From recitative to reflux – a new study has identified Peptest as a useful tool for diagnosing reflux in opera singers.

Opera singers are at a greater risk of developing reflux disease because of their effort to sing but are reluctant to undergo invasive diagnostic tests for fear of damaging their vocal cords.

According to experts, singing opera involves rapid changes of subglottal pressure with consistent use of the diaphragm – leading to an abrupt and prolonged increase in intra-abdominal pressure, deep inspiration and straining.

Because the diaphragmatic sphincter is disabled by these mechanisms, repeated over many years of professional activity, the occurrence of reflux symptoms is increased.

Previous studies – performed using scores from different questionnaires related to symptoms, such as heartburn, cough, epigastric pain, hoarseness and nausea – have showed that professional opera singers have a statistically significantly higher prevalence of reflux disease symptoms than others.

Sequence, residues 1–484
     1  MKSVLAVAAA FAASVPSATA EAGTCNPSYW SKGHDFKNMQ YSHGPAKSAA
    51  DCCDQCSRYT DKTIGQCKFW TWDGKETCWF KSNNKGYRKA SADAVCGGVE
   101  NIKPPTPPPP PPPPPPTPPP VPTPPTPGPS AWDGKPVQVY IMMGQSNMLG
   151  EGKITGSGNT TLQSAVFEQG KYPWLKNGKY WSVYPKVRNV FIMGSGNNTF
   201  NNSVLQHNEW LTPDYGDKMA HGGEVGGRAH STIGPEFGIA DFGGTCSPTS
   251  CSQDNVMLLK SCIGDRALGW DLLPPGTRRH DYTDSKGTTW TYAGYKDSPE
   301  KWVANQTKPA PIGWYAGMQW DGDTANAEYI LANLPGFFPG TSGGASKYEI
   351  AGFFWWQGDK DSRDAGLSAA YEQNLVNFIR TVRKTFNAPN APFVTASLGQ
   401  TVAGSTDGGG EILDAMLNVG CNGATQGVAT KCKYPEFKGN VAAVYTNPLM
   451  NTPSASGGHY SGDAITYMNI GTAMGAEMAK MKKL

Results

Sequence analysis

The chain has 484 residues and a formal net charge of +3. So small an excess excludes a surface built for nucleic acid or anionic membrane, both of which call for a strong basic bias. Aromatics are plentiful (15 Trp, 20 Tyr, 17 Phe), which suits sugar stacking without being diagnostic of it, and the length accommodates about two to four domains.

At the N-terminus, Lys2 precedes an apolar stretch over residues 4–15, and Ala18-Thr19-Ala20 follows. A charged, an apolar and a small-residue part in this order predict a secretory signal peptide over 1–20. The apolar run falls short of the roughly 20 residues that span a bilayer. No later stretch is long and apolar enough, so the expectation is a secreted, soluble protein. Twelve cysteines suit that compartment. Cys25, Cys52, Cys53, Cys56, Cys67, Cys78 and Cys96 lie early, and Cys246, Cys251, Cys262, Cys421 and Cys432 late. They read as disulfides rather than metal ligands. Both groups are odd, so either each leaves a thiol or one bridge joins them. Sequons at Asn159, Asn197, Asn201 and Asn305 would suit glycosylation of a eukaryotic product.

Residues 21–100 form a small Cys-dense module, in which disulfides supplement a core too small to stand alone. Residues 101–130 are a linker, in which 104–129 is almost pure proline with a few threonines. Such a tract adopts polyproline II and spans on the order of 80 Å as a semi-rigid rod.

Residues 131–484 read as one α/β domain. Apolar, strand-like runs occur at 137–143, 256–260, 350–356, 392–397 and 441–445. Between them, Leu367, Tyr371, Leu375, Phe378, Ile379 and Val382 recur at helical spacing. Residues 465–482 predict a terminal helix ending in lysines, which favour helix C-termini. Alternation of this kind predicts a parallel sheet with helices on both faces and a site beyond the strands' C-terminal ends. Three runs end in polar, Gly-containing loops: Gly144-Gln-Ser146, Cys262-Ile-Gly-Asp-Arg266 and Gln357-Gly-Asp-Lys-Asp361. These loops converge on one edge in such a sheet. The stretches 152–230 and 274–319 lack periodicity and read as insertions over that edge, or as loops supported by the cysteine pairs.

In a new study carried out with 30 vocal opera students (aged between 19 and 60 from the Music Academy of the city Cluj-Napoca in Romania), participants again completed a symptom questionnaire but also provided saliva samples to be analysed using Peptest.

The analysis found that vocal opera students had a higher prevalence of reflux than the control group (96.67 per cent versus 30 per cent). Interestingly, only 50 per cent of the vocal opera students had reported reflux symptoms.

Researchers say the study demonstrated that ‘non-invasive salivary Peptest could be a useful tool in diagnosing reflux disease’ in opera patients.